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America’s Languages: Investing in Language Education for the 21st Century

Preface

In the spring of 1781, members of the American Academy of Arts and Sciences met in the County Courthouse in Boston to discuss the areas of study that should “principally engage the attention of the Academy” in the years ahead.

The Academy had been founded only one year earlier by a group of statesmen and business leaders—including John Adams, Samuel Adams, John Hancock, and James Bowdoin—who were, as the American Revolution was nearing its conclusion, planning to create a new country. Their goal for the Academy was “to cultivate every art and science which may tend to advance the interest, honor, dignity, and happiness of a free, independent, and virtuous people.”

In setting an agenda for the Academy, its members were also establishing an intellectual program for the new nation. They focused on practical inquiries that would have real consequences for scientific discovery, for the expansion of commerce, and for the encouragement of a productive civic life—studies in mathematics and astronomy, vegetation and minerology, medicine and history. Among the first ten topics they identified as key to both the Academy’s and the nation’s future was the study of language.

The Academy’s founders understood that the study of language in the United States was a complex and varied endeavor. They supported inquiries into “the rationale, genius and idiom of the English language,” but they also encouraged examinations of Native American languages and of linguistics more generally. They believed that an appreciation for the plurality of languages would improve communication domestically and internationally, and help the new nation understand its place in a changing world.1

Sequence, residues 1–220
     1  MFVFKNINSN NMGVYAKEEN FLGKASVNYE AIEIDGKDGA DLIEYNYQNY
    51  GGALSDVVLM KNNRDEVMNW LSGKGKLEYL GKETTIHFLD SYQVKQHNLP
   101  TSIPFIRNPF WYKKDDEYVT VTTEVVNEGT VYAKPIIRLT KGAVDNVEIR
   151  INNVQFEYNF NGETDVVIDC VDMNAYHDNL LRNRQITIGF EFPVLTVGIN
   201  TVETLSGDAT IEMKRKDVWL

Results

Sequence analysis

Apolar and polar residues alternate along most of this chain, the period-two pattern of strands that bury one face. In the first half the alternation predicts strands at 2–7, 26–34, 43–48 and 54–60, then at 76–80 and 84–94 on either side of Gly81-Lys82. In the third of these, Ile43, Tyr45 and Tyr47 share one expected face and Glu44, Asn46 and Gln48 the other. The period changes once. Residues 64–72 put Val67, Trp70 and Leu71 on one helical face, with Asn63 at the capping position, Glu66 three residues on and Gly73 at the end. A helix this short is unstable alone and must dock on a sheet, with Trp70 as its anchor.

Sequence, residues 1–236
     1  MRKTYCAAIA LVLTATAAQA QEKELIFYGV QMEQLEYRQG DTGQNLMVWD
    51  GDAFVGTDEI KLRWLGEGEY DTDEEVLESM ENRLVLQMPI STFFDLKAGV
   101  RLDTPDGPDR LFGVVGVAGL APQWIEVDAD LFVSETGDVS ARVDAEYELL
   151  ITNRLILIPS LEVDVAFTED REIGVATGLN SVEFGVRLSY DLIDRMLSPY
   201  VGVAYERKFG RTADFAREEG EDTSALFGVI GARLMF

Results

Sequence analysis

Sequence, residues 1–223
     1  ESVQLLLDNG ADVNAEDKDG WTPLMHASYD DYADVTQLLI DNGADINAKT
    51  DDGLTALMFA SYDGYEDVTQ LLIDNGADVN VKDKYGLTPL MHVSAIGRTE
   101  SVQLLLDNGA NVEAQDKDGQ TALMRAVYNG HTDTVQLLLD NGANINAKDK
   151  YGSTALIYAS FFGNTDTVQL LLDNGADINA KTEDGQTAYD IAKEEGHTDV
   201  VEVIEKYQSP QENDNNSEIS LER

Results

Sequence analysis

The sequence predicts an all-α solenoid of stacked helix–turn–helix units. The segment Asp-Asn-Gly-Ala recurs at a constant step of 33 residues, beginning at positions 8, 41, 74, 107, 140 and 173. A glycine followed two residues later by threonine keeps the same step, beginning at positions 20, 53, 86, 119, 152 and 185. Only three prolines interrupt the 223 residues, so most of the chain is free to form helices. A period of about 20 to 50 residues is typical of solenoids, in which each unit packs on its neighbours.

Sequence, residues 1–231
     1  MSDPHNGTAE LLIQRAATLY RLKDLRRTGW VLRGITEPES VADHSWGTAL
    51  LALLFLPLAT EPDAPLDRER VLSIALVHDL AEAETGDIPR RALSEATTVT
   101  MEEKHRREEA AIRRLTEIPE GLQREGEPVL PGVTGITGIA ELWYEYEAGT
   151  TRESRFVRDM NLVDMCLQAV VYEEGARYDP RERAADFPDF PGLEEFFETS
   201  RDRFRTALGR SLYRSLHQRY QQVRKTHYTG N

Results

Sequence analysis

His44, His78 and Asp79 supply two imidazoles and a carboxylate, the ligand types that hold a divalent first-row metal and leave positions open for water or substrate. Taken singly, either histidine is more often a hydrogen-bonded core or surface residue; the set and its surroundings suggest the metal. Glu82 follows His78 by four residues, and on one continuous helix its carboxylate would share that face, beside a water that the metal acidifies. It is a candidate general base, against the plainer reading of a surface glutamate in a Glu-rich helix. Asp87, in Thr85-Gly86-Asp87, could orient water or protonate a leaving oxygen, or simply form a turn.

Two hundred and thirty-five years later, in 2014, a bipartisan group of members of Congress asked the Academy to take up the question of language again. Responding to a world that seems infinitely more complex than at the nation’s founding—driven by a global flow of people, capital, technologies, and ideas that has brought the multilingual world closer than ever before—four members of the United States Senate and four members of the House of Representatives signed two letters requesting that the Academy examine the nation’s current capacity in languages and recommend actions “to ensure excellence in all languages as well as international education and research.” (See the Congressional Letters.)

This report, authored by the Academy’s Commission on Language Learning, is a response to that request.